Before you sell the film, you’ve got to sell the idea of your film. The number of sit-ins and movie purchases has a lot to do with the way the film is promoted. So, we’re talking about millions of dollars of revenue all linked to promotional content – trailers, teasers, movie posters, and so on.
Graphic designers have a lot of work to do when a movie is just about to be released. A lot of attention goes to the movie poster during this phase and rightly so. That being said, the opportunity to design a fabulous movie poster is one that any talented graphic designer can’t miss. Some movie producers organize competition of movie poster design, allowing artists and designers to submit their versions. If you’re one of the many who would like to take part in one of those and win a reward, here are a few steps to follow when you’re designing a movie poster.
Get a Brief
Just like for any other design project, you need to first familiarize yourself with what exactly you are promoting. This is obviously going to be the movie in this case. Go over a few details and have the following questions answered:
- What is the movie setting?
- What’s going to be the basic plot-line?
- What are a few similar movies in similar genres? (you can get ideas from their posters)
- How does the title connect with the movie?
Of course, this isn’t all. The more information you gather, the more you know what theme to follow and use for your poster.
Get Some Inspiration
Although we wouldn’t argue with the fact that every movie poster, design, or artwork should be unique – and of course original—a little bit of research is required to study structure and typical elements used in the specific design. That specific form used in most posters has a “balance” that can’t be overlooked. Stick to the conventions or you’ll end up creating something that does not look like a movie poster at all. As we mentioned in the last point, going deep into the genre or type of movie would yield you examples that could be used for inspiration. Go deep into what works and doesn’t work while sifting through the worst and best designs.
Pick Your Elements
Once you have your design brief and a few similar examples in mind, you should have a fair idea on what you want to create and communicate. Now determine your own movies poster design elements in a step by step process:
Style and Imagery
Based on the genre or overall “mood” of the film, you are going to decide on a style for your poster. Is it going to be girly with pinks and whites or is it going to be intense and dark with blacks, grays, and red? Perhaps, you want to portray a “light mood” with the help of light colors such as white and yellow.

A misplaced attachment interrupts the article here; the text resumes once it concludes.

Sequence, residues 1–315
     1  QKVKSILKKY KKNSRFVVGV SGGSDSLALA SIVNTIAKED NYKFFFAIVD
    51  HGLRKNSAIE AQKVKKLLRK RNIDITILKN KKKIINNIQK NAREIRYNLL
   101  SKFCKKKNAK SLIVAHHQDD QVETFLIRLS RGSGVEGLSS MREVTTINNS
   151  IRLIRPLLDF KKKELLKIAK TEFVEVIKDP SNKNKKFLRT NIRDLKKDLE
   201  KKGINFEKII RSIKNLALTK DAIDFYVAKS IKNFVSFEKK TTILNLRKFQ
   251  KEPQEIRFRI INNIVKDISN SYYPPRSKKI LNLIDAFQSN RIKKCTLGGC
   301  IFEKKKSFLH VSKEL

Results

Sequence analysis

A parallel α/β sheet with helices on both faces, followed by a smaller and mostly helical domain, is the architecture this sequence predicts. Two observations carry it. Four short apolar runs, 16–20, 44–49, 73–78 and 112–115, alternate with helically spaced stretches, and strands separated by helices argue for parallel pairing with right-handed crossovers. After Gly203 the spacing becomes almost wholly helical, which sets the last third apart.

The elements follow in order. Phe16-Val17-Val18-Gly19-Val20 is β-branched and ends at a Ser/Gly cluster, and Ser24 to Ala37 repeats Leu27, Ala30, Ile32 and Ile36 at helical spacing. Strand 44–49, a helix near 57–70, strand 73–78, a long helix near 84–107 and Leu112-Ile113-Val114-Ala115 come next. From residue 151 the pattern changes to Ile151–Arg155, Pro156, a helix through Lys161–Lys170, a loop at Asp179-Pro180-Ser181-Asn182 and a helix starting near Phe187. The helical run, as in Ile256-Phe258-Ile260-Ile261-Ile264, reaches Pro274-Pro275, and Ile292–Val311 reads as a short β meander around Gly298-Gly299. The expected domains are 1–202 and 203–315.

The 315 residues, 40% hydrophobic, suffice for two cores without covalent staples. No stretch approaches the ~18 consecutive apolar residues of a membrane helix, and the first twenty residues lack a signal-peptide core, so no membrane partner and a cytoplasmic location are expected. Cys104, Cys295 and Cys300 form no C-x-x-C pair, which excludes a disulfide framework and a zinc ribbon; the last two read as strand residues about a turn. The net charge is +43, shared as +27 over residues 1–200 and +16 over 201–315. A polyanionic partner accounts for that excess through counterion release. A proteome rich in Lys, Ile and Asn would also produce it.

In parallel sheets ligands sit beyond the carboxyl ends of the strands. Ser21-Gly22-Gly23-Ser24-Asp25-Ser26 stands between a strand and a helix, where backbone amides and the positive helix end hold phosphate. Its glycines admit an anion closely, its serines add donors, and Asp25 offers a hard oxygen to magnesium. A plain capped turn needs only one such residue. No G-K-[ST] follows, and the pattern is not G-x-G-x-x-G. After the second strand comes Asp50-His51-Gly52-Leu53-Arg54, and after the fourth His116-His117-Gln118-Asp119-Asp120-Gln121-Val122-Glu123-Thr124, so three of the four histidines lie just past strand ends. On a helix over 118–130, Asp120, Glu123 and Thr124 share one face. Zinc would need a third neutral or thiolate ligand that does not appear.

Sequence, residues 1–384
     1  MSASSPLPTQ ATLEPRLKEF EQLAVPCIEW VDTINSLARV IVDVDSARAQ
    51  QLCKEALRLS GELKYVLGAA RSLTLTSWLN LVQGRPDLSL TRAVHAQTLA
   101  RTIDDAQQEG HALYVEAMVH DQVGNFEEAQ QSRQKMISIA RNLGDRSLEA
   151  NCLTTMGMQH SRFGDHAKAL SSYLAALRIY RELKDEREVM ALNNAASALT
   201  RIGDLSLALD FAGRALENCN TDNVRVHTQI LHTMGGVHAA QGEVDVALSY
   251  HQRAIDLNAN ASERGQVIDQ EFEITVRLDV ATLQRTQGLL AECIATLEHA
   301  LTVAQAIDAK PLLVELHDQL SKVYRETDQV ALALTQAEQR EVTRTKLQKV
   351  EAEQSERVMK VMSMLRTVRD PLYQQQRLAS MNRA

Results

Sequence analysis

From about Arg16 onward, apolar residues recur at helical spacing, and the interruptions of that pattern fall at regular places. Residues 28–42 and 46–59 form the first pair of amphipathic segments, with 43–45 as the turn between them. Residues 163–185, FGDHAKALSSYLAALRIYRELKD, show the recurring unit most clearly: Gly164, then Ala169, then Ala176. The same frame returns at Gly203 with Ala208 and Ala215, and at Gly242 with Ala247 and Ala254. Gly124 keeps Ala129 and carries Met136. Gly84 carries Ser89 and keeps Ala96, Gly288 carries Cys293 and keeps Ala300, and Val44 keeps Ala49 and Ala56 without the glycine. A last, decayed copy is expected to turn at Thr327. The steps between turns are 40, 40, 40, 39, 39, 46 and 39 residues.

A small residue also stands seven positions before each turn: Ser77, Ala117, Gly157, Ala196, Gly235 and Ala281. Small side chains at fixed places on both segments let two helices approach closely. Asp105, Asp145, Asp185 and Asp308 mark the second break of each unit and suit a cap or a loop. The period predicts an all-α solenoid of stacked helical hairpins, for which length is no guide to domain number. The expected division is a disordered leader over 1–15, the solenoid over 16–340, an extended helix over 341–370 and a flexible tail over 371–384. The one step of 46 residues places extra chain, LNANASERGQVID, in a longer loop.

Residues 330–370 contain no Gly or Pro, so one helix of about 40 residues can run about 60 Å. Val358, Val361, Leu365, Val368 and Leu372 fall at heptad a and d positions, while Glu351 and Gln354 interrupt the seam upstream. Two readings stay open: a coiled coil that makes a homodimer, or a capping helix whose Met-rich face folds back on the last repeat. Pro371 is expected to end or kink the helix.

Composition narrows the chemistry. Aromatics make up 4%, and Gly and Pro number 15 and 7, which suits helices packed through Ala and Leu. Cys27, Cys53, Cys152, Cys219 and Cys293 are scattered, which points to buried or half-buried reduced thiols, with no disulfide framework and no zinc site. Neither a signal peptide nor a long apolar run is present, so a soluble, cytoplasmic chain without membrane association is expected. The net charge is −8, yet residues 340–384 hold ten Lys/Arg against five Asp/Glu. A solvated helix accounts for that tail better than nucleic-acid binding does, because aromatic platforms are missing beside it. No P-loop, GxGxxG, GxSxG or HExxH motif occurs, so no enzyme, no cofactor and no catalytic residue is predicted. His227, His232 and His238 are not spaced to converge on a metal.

Notice how the colors and overall “style” of the two posters with two very different genres vary. The sinister poster features “evil” or “dark” imagery. Bridesmaids, on the other hand, gives an overall “girly” or “funny” feel to the design with the help of colors, poses, and expressions.
Selecting your images is going to be the most difficult part, especially when you don’t have images of any actors or movie scenes. Nevertheless, you can use symbolic images to express the mood of your film. Using illustrations and representative drawing is another alternative to movie posters if you prefer those over photographic visuals—but this will also depend on your genre. Not every genre works well with illustrate graphics. This one does though…
The text is the next most important element and one that also has to be selected carefully for you movie poster. A movie poster generally contains a title, tag line, names, and maybe a release date. The title is always given the most emphasis. Depending on the “mood” of your movie as discussed previously, typography will do more to convey the movie’s message. Usually, the tag line is given importance after the title- probably since the tag line sends off an even clearer message—while all the remaining text elements are kept smaller including the names, billing block, and release date.
Alternatively, you may want to place more emphasis on the actor or director names. For example, if several top-paying actors and actresses are present in your movie, you want to make sure you highlight these names and set them in larger, bolder, fonts. This goes for anything that will point out something special about your film (based on a true story, famous director, remake of…)
What to Expect When You’re Expecting movie focuses on just one name—Jennifer Lopez. The designer knew well that for the audience—she’s good enough. Period.